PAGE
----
Drug-Coated Stents Don't Boost Death Risk, U.S. Advisers Say
Friday, December 8, 2006; 12:00 AM
THURSDAY, Dec. 7 (HealthDay News) -- Although drug-coated stents might pose a clotting risk, they do not increase the chances of heart attack or death, a U.S. Food and Drug Administration advisory panel concluded Thursday.
While the panel of 21 experts broadly dismissed the more serious risks, they split on saying the clotting danger was real in comparison with older, bare-metal stents. They agreed only that more study of the drug-coated devices, which hold open the arteries of at least 3 million Americans, is needed, theAssociated Pressreported.
"There may be something there. From an evidence-based perspective, I can't say definitively one way or another," said panel member Dr. Norman Kato, of the Cardiac Care Medical Group of Encino, Calif.
Another panelist, Dr. Steve Nissen of the Cleveland Clinic, said the clotting risk was real and that only its magnitude was in question. "There is pretty unequivocal evidence," he said.
The panel, convened to advise the FDA on the safety of the stents, said any concerns fail to outweigh the benefits of the devices. On Friday, the panel will tackle the issue of the off-label use of drug-coated stents, which are inserted in patients during artery-clearing surgery called angioplasty.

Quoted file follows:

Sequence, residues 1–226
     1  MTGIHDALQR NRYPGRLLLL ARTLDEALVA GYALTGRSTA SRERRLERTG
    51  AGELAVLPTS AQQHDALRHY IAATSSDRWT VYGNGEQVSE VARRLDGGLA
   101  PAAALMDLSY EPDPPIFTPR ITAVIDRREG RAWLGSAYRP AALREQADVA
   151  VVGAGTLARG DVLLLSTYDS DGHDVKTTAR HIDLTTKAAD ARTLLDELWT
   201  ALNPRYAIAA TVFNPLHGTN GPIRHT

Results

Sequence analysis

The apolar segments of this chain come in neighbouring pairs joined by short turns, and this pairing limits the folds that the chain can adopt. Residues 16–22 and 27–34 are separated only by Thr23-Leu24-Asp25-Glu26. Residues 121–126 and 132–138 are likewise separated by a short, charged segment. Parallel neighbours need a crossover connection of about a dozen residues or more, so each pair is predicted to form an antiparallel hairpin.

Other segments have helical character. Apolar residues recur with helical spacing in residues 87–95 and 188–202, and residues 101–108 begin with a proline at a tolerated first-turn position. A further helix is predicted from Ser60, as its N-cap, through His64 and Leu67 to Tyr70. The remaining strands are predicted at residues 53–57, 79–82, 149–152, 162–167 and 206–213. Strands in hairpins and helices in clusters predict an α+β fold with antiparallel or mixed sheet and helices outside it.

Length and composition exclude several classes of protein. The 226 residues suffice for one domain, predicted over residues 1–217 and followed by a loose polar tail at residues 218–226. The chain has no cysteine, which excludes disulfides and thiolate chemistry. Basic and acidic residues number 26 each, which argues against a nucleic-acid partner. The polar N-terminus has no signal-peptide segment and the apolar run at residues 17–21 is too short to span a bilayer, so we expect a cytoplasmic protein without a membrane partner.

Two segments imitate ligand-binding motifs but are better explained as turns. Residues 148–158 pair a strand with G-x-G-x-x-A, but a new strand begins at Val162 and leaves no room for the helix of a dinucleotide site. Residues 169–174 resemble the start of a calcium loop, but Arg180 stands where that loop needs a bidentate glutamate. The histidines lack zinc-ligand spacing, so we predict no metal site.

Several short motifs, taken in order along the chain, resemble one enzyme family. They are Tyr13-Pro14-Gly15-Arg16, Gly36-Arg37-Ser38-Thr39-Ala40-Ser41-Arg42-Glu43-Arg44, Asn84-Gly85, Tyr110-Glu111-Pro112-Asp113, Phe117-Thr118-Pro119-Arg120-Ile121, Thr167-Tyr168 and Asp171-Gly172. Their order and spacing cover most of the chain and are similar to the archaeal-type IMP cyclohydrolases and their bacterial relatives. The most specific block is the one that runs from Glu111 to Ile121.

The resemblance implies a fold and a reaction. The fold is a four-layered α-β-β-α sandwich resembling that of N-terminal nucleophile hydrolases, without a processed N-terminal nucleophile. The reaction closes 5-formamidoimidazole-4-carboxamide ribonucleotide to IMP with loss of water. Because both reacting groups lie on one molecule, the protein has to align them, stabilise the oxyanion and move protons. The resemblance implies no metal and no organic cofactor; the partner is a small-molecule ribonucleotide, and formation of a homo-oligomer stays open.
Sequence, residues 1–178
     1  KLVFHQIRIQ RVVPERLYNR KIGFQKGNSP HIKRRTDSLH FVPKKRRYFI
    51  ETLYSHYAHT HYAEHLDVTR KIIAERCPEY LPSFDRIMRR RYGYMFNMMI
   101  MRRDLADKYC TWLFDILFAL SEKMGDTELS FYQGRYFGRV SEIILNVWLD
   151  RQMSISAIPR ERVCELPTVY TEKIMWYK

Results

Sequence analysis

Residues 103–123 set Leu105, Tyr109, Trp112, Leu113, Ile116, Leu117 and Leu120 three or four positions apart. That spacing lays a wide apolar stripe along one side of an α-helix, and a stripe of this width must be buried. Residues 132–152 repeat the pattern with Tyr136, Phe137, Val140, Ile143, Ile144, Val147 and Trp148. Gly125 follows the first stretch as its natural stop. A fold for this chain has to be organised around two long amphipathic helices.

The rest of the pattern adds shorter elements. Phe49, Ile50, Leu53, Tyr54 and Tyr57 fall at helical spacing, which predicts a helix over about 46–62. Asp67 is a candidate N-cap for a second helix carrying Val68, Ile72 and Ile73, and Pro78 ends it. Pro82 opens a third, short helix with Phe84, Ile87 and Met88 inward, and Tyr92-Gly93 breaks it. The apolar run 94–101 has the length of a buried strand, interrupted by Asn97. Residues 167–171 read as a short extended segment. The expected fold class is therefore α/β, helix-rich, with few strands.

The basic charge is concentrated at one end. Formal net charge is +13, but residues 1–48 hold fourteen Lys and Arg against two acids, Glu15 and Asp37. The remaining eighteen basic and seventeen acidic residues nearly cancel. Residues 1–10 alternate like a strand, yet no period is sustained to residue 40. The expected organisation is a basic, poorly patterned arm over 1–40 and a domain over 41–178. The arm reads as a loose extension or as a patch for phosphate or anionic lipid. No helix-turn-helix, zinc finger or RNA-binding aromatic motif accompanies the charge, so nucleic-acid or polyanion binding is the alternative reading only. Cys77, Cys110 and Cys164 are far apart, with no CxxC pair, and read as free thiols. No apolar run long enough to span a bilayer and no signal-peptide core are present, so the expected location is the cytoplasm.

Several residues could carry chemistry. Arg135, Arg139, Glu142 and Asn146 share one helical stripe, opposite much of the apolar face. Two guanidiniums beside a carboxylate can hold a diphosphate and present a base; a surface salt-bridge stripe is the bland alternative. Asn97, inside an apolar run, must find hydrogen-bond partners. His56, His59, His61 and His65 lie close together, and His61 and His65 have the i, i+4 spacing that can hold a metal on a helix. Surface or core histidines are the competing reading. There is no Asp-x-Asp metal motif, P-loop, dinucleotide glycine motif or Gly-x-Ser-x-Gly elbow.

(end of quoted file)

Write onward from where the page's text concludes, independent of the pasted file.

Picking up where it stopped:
The FDA isn't bound to follow the recommendations of its advisory panels, but usually does.
The key issue is whether the drug-coated stents, which have become dominant tools in the field of cardiovascular surgery since their introduction three years ago, create a heightened risk of potentially fatal blood clots. An estimated 6 million people worldwide have received the devices.
During testimony Thursday, FDA representatives concluded that existing data does indicate an increased risk for blood clots with drug-eluting stents. But they also noted the studies supporting such a conclusion were small and not necessarily conclusive.
FDA medical officer Dr. Takahiro Uchida told the panel: "It is important to note FDA does not regulate the practice of medicine. However, FDA is responsible for any use of a device that raises a public health concern," theAPreported.
The drug-coated stents release medicine designed to limit the incidence of arteries reclosing after angioplasty. The problem of reclosing is more frequently seen with traditional bare metal stents. Such re-closures require repeat surgery.
But a number of recent studies have suggested that drug-coated stents, which can cost thousands of dollars each, have long-term dangers -- most specifically, the risk of clots that could cause heart attacks. According to some estimates, drug-coated stents may cause an extra 2,160 deaths in the United States each year.
Reaction to the panel's judgment was mixed.